Redraws in Pot-Limit Omaha by Barny Boatman
In Pot-Limit Omaha, the best hand on the flop may not be the best hand at all. It’s all about the “outs” – the cards that will improve your hand as the board develops. If you have the nut straight and there is a flush draw on board, then any flush draw will hugely improve your hand, but, particularly when playing deep stacked, a good rule of thumb when drawing is to try to be the one who is drawing to the nuts. If you improve and there is still betting, you want to know where you stand or you’ll face some hard decisions. At a full table, the pot will very often end up going to the player holding the best possible hand. If there are three flush cards on the board, the winning player will often show an Ace-high flush, and if the board pairs, the winner will usually have a full house. While flopping the nuts is nice, it’s even more important that you have redraws to make the nuts when the board changes on later streets.
Because you have four cards in your hand instead of just two, the starting hands in Omaha are much closer together in value than they are in Texas Hold ‘em. Any four random cards not containing a pair are rarely going to be that far behind any other starting hand. However, unless you are getting most of your chips in pre-flop, this fact is deceptive. Hands where all cards work together have much better potential for a strong fit with the flop and most players would improve their game by playing fewer hands. Hand values start to diverge on the flop and at that point they change dramatically. In Omaha, the best hand changes from street to street. The nuts almost never stay the same and the best hand on the flop will rarely be good on the river; if you’re going to continue on in a hand, you’d prefer to have a redraw that gives you plenty of outs.
More than anything, Pot-Limit Omaha is about straights and straight possibilities. It is worth remembering that every single straight contains either a 5 or a 10. Providing they fit in your hand, these are key cards in Omaha, particularly 10s, which appear in more nut straights than any other card. If there’s a lot of action on the flop and the board hasn’t paired, you really want to have a redraw to make the nut straight. If your hand’s got flush potential as well, all the better.
Unless you have some sort of redraw, one of the worst hands you can have on the flop in Pot-Limit Omaha is a small set because chances are good that you’ll end up losing to a bigger set, a straight, or a flush. For this reason, beginning players should avoid starting hands that feature small pairs like 5s or 7s. It’s more likely that these hands will get you in trouble than make you money – you’d be smart to fold them before the flop.
Having a redraw to make the nuts is so important in Pot-Limit Omaha that folding the nuts on the flop is often the best play if the board is scary and your hand has no chance of improving. This might sound crazy to Texas Hold ‘em players, but this situation occurs all the time in Omaha. The best way to combat this is to play starting hands that have all four cards working together so that if you do make a hand on the flop you can play it aggressively, knowing that your hand has a chance to improve on the turn or the river.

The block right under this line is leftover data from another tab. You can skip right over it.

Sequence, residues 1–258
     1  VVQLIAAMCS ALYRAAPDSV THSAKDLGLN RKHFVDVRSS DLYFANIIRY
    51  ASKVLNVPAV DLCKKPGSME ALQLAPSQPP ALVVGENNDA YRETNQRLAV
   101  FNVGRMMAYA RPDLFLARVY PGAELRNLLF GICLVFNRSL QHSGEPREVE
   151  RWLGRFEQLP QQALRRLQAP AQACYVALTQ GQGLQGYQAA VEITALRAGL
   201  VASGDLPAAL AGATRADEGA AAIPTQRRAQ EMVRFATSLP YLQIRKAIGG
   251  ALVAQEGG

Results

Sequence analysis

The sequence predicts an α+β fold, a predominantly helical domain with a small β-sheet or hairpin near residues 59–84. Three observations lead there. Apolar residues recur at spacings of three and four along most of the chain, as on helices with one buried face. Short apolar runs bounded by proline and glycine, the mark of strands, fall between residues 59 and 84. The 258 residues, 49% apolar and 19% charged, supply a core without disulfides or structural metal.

Here’s an example of what I’m talking about. Let’s say you’ve got A-9-8-7 and the flop comes 6-9-10. You’ve flopped the nut straight, but you can’t celebrate too much because if a 7, 8 or any face card falls on the turn or the river you won’t have the nut straight anymore. If there are two flush cards on the flop, you’re in even worse shape.
This is a very difficult situation to be in because any change that occurs on the board can ruin your hand. If the board pairs, you may well lose to a full house and if a flush comes, you’re probably going to lose. Even if the straight you flopped somehow remains the nuts on the river, there’s a good chance you’re going to have to split the pot.
When you pick up a starting hand that has the potential to make a straight, it’s fine if the hand has a gap in it. Just remember that it’s far better to have a gap at the bottom of the hand than at the top. For example, J-10-9-7 is a better hand than J-9-8-7 because the first one allows for more upward development. If the flop comes 8-6-5, you’ve made the nut straight with both hands, but if a 9 falls on the turn, only the first hand allows you to make a higher straight. Ignorant of this concept, many players who are new to the game tend to overvalue a hand like 6-5-4-3. Even though the cards are perfectly connected, this hand is not as pretty as it looks because it doesn’t allow for much upward development.
As you can see, it’s not always enough to flop the nuts in this game. You also need to have a redraw to make the nuts when the board changes; because in Pot-Limit Omaha, it always does.